Access to information for patients and their family members is one of the most important steps in the transformation of the U.S. healthcare system. Increasingly patients want access to information about their own healthcare.
There may have been a time when individuals passively accepted the physician’s treatment plan but that is no longer the case.
Yesterday, Navigating Cancer published the results of a recent survey of 295 cancer patients which asked about different ways they might engage in their own care plan. The survey found that 72% of the people who were asked were “interested in using personalized tools and resources to manage their care.” Seventy seven percent wanted access to online educational materials and 74% wanted online access to their medical records.
It is clear to me as a healthcare leader and as a healthcare consumer that we have shifted away from the passive patient era into an era of actively engaged patients. Patients want access to not only educational materials but also their own health and medical records online so they can review that information when it is convenient to them. They want to avoid the hoops of going the hospital’s Medical Records office and being charged 10 cents a page to have their medical records printed out. And others want access to their medical record while they are receiving care. They don’t want this so they can catch the provider or the organization making a mistake; they want it so they can engage in their own care.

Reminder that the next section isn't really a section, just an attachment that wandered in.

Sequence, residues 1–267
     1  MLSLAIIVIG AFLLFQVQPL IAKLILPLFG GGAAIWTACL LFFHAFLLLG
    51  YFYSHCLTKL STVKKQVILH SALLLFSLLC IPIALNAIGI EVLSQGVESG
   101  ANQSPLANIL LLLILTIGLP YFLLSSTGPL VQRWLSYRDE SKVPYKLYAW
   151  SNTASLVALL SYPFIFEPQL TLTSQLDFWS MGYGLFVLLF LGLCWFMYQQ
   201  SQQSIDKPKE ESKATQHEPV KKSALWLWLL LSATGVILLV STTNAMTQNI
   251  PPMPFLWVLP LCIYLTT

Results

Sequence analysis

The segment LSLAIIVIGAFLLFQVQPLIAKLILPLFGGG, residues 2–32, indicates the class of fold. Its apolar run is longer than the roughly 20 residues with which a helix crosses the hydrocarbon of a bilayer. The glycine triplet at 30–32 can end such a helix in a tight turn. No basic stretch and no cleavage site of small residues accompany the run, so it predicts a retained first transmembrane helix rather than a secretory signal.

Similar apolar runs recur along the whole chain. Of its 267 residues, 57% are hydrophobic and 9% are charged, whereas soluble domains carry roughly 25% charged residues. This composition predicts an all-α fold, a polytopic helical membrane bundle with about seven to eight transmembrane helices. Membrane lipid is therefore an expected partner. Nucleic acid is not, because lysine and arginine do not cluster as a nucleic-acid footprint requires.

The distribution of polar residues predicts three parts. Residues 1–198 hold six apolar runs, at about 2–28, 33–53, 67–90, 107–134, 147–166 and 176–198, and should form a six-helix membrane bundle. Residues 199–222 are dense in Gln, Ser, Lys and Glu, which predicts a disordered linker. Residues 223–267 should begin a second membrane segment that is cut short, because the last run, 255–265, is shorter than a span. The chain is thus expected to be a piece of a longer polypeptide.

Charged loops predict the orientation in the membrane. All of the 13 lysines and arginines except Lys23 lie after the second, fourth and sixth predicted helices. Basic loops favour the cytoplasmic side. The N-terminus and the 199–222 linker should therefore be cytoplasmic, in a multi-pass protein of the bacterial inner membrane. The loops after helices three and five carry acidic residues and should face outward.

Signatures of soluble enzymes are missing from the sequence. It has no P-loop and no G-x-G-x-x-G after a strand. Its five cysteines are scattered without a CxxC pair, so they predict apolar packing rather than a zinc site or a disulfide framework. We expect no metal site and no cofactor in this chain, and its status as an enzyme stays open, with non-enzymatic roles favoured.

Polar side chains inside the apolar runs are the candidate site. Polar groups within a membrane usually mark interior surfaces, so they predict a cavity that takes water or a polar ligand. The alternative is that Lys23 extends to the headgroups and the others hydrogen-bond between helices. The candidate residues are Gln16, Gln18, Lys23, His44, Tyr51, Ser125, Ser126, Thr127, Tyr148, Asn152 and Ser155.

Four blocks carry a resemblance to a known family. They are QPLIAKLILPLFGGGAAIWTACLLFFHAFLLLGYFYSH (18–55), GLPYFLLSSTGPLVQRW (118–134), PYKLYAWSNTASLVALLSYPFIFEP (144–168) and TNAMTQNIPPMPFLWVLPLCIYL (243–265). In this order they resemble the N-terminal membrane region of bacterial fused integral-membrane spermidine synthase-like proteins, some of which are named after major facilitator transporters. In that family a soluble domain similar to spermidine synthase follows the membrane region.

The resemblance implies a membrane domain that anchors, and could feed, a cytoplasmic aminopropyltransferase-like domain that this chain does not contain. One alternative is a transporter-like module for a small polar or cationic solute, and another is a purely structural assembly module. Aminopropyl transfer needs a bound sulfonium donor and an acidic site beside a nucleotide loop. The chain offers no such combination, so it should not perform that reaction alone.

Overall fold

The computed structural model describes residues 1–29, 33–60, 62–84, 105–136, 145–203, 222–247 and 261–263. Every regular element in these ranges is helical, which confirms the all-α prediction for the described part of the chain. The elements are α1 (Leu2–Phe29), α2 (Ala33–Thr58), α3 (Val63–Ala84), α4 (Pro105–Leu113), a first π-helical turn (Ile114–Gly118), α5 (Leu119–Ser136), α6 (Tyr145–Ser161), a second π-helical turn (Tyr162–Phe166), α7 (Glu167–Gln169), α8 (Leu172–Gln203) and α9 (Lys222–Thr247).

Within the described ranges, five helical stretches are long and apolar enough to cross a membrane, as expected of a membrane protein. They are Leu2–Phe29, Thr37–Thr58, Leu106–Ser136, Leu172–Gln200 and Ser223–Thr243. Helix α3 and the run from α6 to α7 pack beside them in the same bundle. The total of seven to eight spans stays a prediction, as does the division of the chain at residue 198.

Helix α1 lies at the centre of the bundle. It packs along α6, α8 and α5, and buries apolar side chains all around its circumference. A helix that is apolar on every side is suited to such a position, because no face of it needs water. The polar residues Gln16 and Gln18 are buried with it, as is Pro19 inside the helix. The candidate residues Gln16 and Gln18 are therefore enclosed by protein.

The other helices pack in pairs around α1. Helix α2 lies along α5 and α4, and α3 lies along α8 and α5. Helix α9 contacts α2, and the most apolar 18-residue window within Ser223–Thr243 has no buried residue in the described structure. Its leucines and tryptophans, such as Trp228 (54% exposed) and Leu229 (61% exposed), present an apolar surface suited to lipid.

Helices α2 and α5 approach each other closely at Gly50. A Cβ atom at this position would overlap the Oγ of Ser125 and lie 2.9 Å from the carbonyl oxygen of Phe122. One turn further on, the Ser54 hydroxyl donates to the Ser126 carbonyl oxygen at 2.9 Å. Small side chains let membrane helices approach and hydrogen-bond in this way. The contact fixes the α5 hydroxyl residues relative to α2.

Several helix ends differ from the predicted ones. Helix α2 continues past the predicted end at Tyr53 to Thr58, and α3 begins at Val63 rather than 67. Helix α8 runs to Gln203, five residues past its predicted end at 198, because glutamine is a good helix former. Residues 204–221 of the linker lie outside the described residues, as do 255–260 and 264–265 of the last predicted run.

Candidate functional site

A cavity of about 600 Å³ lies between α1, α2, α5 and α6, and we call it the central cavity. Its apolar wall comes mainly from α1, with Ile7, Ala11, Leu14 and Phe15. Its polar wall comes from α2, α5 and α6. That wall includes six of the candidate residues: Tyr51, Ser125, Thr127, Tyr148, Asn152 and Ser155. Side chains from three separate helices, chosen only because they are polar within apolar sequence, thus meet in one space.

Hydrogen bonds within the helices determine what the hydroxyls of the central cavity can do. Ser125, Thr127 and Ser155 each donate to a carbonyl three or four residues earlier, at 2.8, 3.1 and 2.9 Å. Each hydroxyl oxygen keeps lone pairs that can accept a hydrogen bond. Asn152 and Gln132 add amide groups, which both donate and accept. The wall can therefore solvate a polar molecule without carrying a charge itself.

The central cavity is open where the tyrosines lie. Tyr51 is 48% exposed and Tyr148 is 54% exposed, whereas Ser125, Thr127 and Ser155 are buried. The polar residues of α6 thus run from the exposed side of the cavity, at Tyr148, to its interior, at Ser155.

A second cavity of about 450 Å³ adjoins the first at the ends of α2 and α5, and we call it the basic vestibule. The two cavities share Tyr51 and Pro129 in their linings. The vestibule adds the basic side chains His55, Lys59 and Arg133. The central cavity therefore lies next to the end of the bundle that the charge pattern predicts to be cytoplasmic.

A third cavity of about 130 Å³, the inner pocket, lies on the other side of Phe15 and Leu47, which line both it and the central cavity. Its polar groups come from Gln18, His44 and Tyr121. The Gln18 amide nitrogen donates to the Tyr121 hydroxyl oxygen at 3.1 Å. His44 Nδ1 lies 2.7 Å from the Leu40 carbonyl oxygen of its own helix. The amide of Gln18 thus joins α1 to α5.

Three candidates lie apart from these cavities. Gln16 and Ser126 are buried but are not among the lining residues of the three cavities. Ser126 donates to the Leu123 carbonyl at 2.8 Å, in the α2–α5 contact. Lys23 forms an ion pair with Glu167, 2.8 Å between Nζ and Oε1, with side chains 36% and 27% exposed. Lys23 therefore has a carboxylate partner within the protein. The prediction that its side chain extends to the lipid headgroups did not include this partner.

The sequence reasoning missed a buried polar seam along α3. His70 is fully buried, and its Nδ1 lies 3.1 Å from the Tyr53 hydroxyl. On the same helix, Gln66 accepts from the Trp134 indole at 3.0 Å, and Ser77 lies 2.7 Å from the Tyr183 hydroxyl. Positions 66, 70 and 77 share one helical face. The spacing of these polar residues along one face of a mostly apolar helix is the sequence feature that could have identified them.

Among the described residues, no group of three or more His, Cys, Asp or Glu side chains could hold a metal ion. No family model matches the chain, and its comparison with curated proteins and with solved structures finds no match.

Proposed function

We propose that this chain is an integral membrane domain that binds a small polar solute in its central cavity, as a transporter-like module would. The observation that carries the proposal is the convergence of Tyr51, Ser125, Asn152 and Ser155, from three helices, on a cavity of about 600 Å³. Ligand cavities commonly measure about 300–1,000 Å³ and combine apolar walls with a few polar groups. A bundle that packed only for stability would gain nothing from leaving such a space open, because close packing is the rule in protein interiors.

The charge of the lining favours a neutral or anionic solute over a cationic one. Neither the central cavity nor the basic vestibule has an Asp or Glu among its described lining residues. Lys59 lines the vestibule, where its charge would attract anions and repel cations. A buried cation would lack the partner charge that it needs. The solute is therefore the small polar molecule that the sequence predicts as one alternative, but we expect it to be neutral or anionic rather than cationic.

Patient-centered care, one of the core values of Occupy Healthcare, means putting the patient and their family in the driver’s seat for care and treatment. Patients cannot make informed decisions and actively engage if they don’t have access to real time medical information. This means that healthcare providers and organizations must step into the 21st century and, like it or not, engage with the patient by providing access to their health information and educational materials.